The school year is coming to an end, which has caused me to reflect on all the works we’ve read in my classes this year and the stories my literature students have enjoyed the most. I’ve also been reading blogs and articles about what’s “in” in YA fiction at the moment (now that vampires, ghost boyfriends, and dystopian societies are decidedly not), which has me wondering: when writers and publishing professionals speak about what will “sell” in today’s competitive environment…sell to whom? It can be easy for writers to forget that we are ultimately writing for kids (a.k.a. people, not “a market”) and what kids want to read matters far more than what happens to be hot or trendy at any given moment. Besides, are young adult readers truly the ones demanding these trends (“We want more books about eating disorders and suicide!”), or do we adults have a tendency to thrust certain issues and messages onto our teen audience, rather than take the time to discover what they really want to read?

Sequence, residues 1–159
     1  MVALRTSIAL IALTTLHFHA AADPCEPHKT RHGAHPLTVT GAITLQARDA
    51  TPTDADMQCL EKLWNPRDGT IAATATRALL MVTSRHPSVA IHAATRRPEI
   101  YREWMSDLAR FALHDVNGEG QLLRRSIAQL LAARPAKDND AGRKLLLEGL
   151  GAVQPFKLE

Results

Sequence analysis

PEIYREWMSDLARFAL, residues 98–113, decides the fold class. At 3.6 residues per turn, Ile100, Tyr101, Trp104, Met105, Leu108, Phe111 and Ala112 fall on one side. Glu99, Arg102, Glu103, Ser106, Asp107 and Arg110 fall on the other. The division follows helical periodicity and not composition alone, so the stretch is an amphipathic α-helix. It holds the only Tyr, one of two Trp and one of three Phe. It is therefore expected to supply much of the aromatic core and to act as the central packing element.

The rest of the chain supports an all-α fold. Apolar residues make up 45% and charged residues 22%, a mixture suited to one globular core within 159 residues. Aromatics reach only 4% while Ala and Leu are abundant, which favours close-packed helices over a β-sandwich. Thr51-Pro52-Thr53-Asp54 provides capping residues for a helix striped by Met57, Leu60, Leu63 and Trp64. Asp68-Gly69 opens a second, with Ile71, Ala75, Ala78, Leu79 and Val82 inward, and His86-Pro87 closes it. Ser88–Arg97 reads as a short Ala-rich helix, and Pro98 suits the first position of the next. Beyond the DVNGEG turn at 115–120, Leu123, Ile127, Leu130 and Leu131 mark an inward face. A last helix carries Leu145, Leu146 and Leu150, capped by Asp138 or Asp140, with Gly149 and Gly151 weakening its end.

My high school students are wise, analytical, and introspective readers. This isn’t the result of high tuition costs or a privileged neighborhood (I teach at a public charter school open to all)—it’s the result of a school culture where reading is taken seriously and good stories are viewed as one of the keys to a good life. As a result, we take the time that’s required to work through some of the best literature our civilization has to offer. This year I’ve had the privilege of teaching Hamlet and Sonnets by William Shakespeare, Paradise Lost by John Milton, A Tale of Two Cities by Charles Dickens, Persuasion by Jane Austen, The Odyssey and The Iliad by Homer, Oedipus by Sophocles, Medea by Euripides, The Aeneid by Virgil, and a few short stories by Edgar Allan Poe and others. And by “teach” I mean that each day my classes of 15-17 students move their desks into a circle and crack open the book we are reading. Then we proceed to talk about characters, motivations, conflict, ethical dilemmas, universal truths, human nature, and beautiful language for the next 40 minutes or so. There are no teacher plot summaries and very few lectures—we read and discuss these challenging works line by line, from cover to cover. Do students love every chapter or even every work? No (Paradise Lost is a particularly tough sell). Do our conversations sometimes get sidetracked, so that one minute we’re talking about Madame Defarge and the French Revolution, and the next we’re discussing how human beings would really behave during the zombie apocalypse? Yes, all the time. Ultimately, what I have learned from teaching teens is that young readers can be just as shrewd as adult readers (if not more so!), even if they find some plots more interesting than other. If I had to choose a “winner” based on student enthusiasm, Dickens takes the prize with A Tale of Two Cities, but after reading and discussing any of these works, my students were able to articulate strong opinions on what makes a character heroic and what makes a story great.